Written by Hilary Mendoza ’71
At the dawning of the decade of the 1940s, the war had not officially begun for the United States, yet there were indications that the Depression was no longer the greatest threat to the country. By the end of the war, in the middle of the decade, the world, the country, and the school had to make some decisions about their future. The Palm Beach Private School’s Board understood that the strong institution that they established had survived the Depression, the New Deal, and could now survive the war years and the post-war challenges. To this end, the leadership, faculty, and students supported the war effort, while making changes to the school.
Manual training in woodwork, metalwork, or needlework for young ladies was added at an additional one dollar, not to prepare these privileged youths for future jobs, but to give them training in hand, eye, and muscle coordination. Some of the more controversial issues facing the Board that are still controversial today were standardized testing for admission to each grade level, individual achievement awards, the name of the improvement prize, discipline, sectioning, traffic, and seasonal students; however, “the uncertainties of the time” including travel restrictions, rationing, declining enrollment, and the coastal threat dominated the school’s focus from Pearl Harbor through 1945.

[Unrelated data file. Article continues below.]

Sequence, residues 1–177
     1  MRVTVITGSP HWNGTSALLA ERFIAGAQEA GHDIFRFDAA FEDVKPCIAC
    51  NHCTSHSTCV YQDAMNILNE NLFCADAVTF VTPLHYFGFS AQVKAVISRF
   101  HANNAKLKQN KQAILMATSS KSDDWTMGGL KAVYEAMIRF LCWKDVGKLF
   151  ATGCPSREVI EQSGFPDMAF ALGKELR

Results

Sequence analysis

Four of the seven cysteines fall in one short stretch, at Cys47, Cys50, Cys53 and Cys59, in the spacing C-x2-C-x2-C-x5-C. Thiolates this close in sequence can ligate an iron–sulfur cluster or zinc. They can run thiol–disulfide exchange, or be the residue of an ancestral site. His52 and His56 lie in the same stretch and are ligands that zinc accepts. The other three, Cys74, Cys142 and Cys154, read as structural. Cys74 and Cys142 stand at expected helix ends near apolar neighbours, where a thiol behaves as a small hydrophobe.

Supporting the War Efforts
Students threw themselves wholeheartedly into the war effort. Besides being part of blackout patrols, the students took an eighteen-hour first aid course given by Nedenia Hutton (actress Dina Merrill), a former student and daughter of one of the founders, Marjorie Merriweather Post Merrill. The students made afghans for the troops, which had to be discontinued due to the lack of wool. They also collected stamps, milk bottle tops, tinfoil, and papers to raise money to buy war bonds. In addition, they also received instructions on what to do in case of a bombing raid on Palm Beach, however unlikely that prospect was. Nevertheless, Palm Beach Private School contributed men to the war, including Headmaster Karl Dearborn and Latin and art teacher Ivan Skinner, both of whom distinguished themselves in the war.
The Post-War Era
So in 1945, with enrollment up and a solid knowledge of its goals, the school entered the post-war era with a mind to change and adapt to the new realities of Palm Beach and the world. Gone were the mansions of the Twenties and the students who only attended the school for a maximum of two weeks between December and March. The Board was committed to expanding the facilities, the faculty, the curriculum, and the athletic program while keeping the commitment to the quality of education and the individualization of programs offered to the students.
By the end of the decade, the school had established its reputation, graduated its first senior class, established and extended the curriculum, and produced students who could meet the challenges of a new, frightening era in the history of the United States.